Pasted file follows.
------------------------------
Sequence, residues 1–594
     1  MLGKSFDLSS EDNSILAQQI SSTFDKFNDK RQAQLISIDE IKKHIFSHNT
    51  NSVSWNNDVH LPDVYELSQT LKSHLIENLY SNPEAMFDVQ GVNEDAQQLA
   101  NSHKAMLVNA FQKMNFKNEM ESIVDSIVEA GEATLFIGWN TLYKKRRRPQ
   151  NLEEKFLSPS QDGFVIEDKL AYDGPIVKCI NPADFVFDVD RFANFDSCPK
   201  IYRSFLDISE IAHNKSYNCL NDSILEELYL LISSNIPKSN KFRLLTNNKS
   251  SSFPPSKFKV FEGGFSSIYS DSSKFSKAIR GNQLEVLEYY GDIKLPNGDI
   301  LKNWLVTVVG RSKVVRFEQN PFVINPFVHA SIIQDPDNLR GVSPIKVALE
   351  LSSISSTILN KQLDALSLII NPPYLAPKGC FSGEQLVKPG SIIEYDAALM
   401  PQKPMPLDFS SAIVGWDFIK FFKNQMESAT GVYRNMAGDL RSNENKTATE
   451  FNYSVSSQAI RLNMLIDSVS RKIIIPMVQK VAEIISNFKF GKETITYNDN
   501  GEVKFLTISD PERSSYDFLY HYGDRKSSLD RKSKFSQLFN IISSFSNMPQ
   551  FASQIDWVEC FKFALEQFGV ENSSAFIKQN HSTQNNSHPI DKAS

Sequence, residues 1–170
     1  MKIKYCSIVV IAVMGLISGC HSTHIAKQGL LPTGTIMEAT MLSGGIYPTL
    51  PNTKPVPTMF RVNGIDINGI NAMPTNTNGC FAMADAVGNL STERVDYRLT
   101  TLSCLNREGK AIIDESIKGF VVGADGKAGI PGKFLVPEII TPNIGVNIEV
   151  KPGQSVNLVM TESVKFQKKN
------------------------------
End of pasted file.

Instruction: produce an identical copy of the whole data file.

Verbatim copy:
Sequence, residues 1–594
     1  MLGKSFDLSS EDNSILAQQI SSTFDKFNDK RQAQLISIDE IKKHIFSHNT
    51  NSVSWNNDVH LPDVYELSQT LKSHLIENLY SNPEAMFDVQ GVNEDAQQLA
   101  NSHKAMLVNA FQKMNFKNEM ESIVDSIVEA GEATLFIGWN TLYKKRRRPQ
   151  NLEEKFLSPS QDGFVIEDKL AYDGPIVKCI NPADFVFDVD RFANFDSCPK
   201  IYRSFLDISE IAHNKSYNCL NDSILEELYL LISSNIPKSN KFRLLTNNKS
   251  SSFPPSKFKV FEGGFSSIYS DSSKFSKAIR GNQLEVLEYY GDIKLPNGDI
   301  LKNWLVTVVG RSKVVRFEQN PFVINPFVHA SIIQDPDNLR GVSPIKVALE
   351  LSSISSTILN KQLDALSLII NPPYLAPKGC FSGEQLVKPG SIIEYDAALM
   401  PQKPMPLDFS SAIVGWDFIK FFKNQMESAT GVYRNMAGDL RSNENKTATE
   451  FNYSVSSQAI RLNMLIDSVS RKIIIPMVQK VAEIISNFKF GKETITYNDN
   501  GEVKFLTISD PERSSYDFLY HYGDRKSSLD RKSKFSQLFN IISSFSNMPQ
   551  FASQIDWVEC FKFALEQFGV ENSSAFIKQN HSTQNNSHPI DKAS

Sequence, residues 1–170
     1  MKIKYCSIVV IAVMGLISGC HSTHIAKQGL LPTGTIMEAT MLSGGIYPTL
    51  PNTKPVPTMF RVNGIDINGI NAMPTNTNGC FAMADAVGNL STERVDYRLT
   101  TLSCLNREGK AIIDESIKGF VVGADGKAGI PGKFLVPEII TPNIGVNIEV
   151  KPGQSVNLVM TESVKFQKKN